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Attorney general cautions seniors on scams, safety
Virginia Attorney General Mark Herring greets local residents Wednesday during the 18th annual Senior Appreciation Day Picnic, hosted by the Martinsville/Henry County Triad S.A.L.T. Council. (Bulletin photo by Mike Wray)
Thursday, June 12, 2014
By BEN R. WILLIAMS - Bulletin Staff Writer
Senior citizens must be vigilant to protect themselves from scams and identity theft, Attorney General Mark Herring said Wednesday at a picnic at Jack Dalton Park.
Roughly 300 people attended the 18th annual Senior Appreciation Day Picnic, hosted by the Martinsville/Henry County Triad S.A.L.T. (Seniors and Law Enforcement Together) Council. The event also featured comments from Henry County Sheriff Lane Perry and Martinsville Police Chief Sean Dunn, along with city Sheriff Steve Draper.
“Public safety threats are always changing, they’re always evolving, and seniors are not immune from that,” Herring told the crowd. “Whether it’s identity theft, whether it’s different kinds of cybercrimes, financial abuse of older Virginians ... a lot of people are trying to take advantage of seniors.”
Seniors citizens grew up in a more trustworthy era, Herring said, when “your word was your bond” and a handshake could seal a deal.
Today, he said, there are those who would betray the trust of older residents for a quick profit.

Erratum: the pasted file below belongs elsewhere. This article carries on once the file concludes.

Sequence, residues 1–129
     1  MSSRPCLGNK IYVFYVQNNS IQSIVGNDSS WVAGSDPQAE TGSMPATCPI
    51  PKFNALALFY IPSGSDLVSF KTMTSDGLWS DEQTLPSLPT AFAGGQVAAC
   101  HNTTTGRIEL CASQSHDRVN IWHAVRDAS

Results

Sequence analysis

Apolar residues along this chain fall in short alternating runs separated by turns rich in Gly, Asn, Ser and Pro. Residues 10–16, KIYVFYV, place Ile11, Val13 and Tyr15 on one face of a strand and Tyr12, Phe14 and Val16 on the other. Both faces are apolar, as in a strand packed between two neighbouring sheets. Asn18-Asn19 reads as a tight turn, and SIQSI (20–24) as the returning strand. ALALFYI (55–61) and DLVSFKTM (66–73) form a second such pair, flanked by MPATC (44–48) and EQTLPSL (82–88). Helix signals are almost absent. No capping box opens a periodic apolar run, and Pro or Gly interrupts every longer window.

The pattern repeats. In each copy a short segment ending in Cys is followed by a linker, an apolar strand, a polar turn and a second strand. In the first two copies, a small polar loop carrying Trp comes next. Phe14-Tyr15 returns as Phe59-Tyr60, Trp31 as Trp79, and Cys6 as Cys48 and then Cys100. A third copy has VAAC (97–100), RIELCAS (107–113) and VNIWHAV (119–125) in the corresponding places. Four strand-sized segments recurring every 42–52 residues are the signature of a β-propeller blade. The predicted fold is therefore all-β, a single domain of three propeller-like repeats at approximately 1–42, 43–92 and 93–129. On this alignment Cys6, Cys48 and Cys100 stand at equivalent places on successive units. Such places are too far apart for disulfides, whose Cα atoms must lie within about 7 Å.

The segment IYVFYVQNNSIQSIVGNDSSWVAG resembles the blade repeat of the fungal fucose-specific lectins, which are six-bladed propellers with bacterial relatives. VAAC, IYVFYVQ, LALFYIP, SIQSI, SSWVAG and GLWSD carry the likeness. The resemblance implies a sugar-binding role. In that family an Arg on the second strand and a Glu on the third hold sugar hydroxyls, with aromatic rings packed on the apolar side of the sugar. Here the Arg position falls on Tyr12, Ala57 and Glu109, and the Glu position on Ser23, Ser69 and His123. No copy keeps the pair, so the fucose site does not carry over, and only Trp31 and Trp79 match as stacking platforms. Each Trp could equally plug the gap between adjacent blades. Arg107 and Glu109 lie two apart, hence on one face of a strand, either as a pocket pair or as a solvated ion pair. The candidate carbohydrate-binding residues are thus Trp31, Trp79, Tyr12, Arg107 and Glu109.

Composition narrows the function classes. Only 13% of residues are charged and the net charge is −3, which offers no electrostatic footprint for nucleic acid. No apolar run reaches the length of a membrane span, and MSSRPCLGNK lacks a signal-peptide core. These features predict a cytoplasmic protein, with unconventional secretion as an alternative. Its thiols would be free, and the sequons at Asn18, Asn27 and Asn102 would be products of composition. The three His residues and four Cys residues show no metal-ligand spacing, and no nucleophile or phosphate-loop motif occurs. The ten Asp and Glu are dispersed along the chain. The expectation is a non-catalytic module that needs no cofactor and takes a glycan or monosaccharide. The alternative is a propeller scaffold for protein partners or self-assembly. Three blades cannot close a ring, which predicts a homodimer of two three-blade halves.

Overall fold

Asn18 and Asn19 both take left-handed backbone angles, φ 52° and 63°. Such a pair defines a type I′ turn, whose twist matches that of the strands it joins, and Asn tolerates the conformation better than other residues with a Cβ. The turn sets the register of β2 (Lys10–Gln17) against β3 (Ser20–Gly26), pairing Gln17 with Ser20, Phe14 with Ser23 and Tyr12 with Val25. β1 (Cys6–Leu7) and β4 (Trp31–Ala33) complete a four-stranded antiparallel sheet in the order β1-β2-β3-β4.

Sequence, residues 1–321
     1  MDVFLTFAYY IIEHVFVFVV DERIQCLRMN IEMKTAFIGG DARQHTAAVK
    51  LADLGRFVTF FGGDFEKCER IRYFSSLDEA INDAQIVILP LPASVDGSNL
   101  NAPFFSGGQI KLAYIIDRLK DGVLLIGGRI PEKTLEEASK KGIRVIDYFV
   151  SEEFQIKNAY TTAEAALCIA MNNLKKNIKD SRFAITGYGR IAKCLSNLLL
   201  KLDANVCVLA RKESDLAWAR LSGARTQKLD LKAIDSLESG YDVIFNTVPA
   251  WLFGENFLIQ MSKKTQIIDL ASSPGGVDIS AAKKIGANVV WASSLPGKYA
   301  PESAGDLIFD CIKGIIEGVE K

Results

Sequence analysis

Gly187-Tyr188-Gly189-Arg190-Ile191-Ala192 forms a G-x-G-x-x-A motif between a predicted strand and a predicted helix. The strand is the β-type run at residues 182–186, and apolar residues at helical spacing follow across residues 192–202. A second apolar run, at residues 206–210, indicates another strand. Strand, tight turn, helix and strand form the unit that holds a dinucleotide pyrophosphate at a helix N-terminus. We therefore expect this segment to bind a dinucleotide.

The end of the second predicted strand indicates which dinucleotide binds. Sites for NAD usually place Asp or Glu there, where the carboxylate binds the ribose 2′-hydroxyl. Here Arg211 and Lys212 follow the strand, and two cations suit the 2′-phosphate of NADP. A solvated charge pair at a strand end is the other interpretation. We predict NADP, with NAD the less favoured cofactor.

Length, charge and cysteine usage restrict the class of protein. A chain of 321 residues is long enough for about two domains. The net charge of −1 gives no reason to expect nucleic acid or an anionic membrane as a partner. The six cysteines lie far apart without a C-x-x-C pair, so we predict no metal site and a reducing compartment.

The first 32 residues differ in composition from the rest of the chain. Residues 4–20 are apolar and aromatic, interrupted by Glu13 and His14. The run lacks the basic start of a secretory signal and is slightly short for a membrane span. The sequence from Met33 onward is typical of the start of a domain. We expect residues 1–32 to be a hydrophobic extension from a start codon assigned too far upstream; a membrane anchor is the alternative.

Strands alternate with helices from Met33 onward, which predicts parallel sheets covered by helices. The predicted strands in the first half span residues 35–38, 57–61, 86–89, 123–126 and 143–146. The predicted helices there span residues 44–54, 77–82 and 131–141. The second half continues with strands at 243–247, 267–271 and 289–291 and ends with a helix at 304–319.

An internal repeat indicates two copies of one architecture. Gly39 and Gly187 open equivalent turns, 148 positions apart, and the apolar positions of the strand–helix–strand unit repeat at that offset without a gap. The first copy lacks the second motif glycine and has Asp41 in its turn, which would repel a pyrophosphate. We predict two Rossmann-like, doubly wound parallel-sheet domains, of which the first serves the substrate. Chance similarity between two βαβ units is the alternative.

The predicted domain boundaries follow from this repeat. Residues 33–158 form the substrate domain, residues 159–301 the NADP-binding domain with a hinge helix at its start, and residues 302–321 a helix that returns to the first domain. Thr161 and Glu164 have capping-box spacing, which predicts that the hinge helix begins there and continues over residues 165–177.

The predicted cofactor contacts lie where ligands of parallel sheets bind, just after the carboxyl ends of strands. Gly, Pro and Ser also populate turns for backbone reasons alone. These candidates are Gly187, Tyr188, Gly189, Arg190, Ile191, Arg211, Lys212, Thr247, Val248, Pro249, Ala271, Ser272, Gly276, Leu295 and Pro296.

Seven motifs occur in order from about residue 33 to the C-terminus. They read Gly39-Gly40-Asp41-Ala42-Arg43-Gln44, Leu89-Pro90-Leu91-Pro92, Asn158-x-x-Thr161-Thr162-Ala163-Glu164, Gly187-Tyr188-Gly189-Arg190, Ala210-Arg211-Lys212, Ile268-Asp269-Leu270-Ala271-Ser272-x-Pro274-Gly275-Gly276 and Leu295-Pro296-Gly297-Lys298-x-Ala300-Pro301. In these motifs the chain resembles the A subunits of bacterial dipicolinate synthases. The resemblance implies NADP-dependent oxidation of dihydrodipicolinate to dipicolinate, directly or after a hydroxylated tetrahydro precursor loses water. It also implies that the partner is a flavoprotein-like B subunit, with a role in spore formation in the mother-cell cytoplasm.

“It’s why the Triad partnership is so important, partnering with law enforcement and our office and your community to help inform you and keep you and your neighbors and your community safe,” he said.
One of the most common threats to seniors right now, Herring said, is identity theft.
“There are some things that seniors can do to help protect themselves from identity theft,” he said, such as shredding bank statements and credit card statements before throwing them into the trash.
“If there are suspicious emails and suspicious letters that they get in the mail,” he said, “they (residents) can always reach out to local law enforcement to find out if it’s a scam. They can always also call our consumer protection division, which has a hotline (800-552-9963) that they can reach out to to get more information.”
Herring has undertaken a number of initiatives in his first six months in office, he said. One of his first goals was to meet with law enforcement officers and prosecutors in various localities in Virginia to learn about the challenges they face in their areas.
Herring visited Martinsville on March 27 to meet with county and city law enforcement officials.
“In addition,” he said, “we’ve implemented a strict new ethics policy coming on the heels of the (former Gov. Bob) McDonnell scandal. It has a very strict ban on gifts that applies to me, my family and everybody in my office.”
McDonnell and his wife, Maureen, face charges that they accepted money and gifts from a Virginia businessman in exchange for helping promote his products.
“Part of being a modern attorney general is making sure that you’re as efficient as you possibly can be,” Herring added. “I’ve instituted an outside, nonpartisan, top-to-bottom review of our management and operations to see how we can be more efficient. One of the things I observed the first week I was in office was how antiquated our computer systems were. We have a very antiquated case management system, and a lot of that needs to be upgraded. ... It’s been a busy six months.”